It should be noted that this is an atypical interpretation of the form, but it does do a good job of showing the lengths poets can go to in order to honor the spirit of the descort.
Technically speaking a descort could be about any topic so long as it seeks disharmony in its structure, but the form lends itself especially well to themes that can take advantage of the chaos.
Argumentative tones, in particular, work well.
What Is an Example of a Descort?
In My Dreams
In my dreams
where chaotic nightmares roam
bleeding; bruised; broken
I challenge fear alone,
but then when I once again awaken
I find myself
no longer so far taken.
For there are allies here, amidst the waking
who can keep me
from my lonely shaking.
This is a very simple descort that mostly plays with lengths.
No line has the same length as the line directly before or after it.
The clause structures and grammatical patterns of the lines also tend to vary, but it’s not as immediately obvious to the eyes as the line lengths.
While this descort does utilize rhyme, sources are split on whether a descort is better with no rhyme at all or not.
Personally, I find that adding a little bit of rhyme enforces the feeling of this being an ancestor of lyrical poetry, so I chose to include it.
This descort’s emphasis on nightmares and loneliness is an interesting fit for the form, using the non-uniformity to drive home keywords like “chaotic” and “shaking.”
This is just one of many applications of the form.
What Are the Tips for Writing a Descort?
Think seriously about how discordant you want your descort to be.
Do you want every single line to have a different number of syllables with different stress patterns and different end sounds, or will you just endeavor to make sure that no two consecutive lines are similar?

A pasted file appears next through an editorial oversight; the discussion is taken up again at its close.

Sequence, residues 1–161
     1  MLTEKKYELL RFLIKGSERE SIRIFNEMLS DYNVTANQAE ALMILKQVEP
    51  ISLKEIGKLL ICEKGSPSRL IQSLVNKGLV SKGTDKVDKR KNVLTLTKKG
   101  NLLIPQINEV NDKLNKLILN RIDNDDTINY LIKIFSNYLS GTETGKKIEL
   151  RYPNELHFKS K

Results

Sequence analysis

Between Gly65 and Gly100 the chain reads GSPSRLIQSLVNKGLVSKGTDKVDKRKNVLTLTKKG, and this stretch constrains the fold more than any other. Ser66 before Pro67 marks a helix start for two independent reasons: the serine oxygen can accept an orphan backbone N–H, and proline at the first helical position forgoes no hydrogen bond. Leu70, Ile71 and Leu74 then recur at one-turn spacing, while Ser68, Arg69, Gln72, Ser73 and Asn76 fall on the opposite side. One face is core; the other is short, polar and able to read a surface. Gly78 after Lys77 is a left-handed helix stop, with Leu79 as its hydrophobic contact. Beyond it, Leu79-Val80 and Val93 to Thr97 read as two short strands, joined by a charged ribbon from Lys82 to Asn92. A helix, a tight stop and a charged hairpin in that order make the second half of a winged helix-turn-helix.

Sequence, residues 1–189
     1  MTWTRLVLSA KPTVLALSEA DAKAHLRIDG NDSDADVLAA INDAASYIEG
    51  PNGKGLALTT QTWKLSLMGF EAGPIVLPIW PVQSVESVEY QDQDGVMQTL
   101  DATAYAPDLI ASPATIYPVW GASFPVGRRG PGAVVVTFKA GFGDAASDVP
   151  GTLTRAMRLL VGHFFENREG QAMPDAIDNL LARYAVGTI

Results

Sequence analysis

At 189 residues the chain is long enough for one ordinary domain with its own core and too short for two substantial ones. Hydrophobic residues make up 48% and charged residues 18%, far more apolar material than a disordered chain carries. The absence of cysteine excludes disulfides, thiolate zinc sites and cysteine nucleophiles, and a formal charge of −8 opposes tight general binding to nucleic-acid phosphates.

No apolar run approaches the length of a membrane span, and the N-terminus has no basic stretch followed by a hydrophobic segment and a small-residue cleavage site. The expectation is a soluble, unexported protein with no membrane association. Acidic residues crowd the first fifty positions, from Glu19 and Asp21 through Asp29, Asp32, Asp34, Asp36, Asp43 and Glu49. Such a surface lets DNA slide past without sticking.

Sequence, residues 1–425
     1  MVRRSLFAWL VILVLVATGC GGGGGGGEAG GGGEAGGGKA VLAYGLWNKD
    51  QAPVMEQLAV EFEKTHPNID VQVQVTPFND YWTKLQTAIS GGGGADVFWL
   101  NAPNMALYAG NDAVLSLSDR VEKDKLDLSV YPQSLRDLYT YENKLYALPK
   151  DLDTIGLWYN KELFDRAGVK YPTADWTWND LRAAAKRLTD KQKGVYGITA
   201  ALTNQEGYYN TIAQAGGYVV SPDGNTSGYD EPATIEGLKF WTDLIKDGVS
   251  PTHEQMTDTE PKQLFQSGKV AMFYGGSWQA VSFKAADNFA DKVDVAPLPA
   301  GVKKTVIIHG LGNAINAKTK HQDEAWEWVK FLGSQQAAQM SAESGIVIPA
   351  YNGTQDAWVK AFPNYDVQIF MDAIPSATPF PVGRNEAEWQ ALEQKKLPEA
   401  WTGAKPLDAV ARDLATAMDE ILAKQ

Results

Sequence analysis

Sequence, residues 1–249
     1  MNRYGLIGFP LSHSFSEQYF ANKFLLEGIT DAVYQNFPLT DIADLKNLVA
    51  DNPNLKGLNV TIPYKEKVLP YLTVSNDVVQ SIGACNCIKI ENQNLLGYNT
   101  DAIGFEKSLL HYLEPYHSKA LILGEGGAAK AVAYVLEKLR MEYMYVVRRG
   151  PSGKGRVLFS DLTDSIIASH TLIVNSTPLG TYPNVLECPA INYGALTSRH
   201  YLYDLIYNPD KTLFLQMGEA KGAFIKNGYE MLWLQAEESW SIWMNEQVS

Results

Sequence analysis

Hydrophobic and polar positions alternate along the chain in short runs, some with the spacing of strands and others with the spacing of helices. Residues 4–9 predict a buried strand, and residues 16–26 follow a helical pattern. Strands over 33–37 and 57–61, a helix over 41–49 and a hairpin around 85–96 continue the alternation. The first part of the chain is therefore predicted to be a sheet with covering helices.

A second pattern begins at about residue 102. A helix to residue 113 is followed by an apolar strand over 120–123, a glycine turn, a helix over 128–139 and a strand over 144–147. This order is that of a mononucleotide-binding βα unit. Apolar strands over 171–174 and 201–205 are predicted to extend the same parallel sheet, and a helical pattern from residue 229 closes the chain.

The descort is not an especially popular form in English, so there’s some freedom as to how you’ll personally interpret the form.
That being said, make sure that the difference between lines is visually distinct.
A descort should not look like it has a cohesive structure or patterns, even if there are some patterns hidden in the woodworks.
The reader should feel as though the poem is a one-time experience unlike any other poem or even any other descort.
Where the descort shines in its individuality.
It is a form of fierce independence, largely isolated from other forms of poetry by the absurdity of the concept.
Use it to express a voice that belongs to you and only you, split up in new and interesting ways.
As a general rule of thumb, the “every line must be different rule” becomes more lenient as the poem gets longer.
A descort with only four lines should absolutely not have any lines of the same length, but a descort with forty lines can afford to reuse syllable counts, meters, etc, as long as the matching lines are far apart.
It’s frustrating trying to pin down one cohesive definition for this form, since every poet’s interpretation of the form and its principles seems to be slightly different.
Of course, given the atypical nature of the descort and its prevailing themes of originality and non-uniformity, it might actually be perfect that no two people define it exactly the same way.
What Are the Most Important Types of Poems?
What if you went down the poetry types rabbit hole all the way?
From the mundane Sonnet to the rare mistress bradstreet stanza to Grammarly’s worst nightmare cro cumaisc etir casbairdni ocus lethrannaighecht.
So if you want to discover poem types, then you’re in the right place.
Let’s get started with that poem types collection!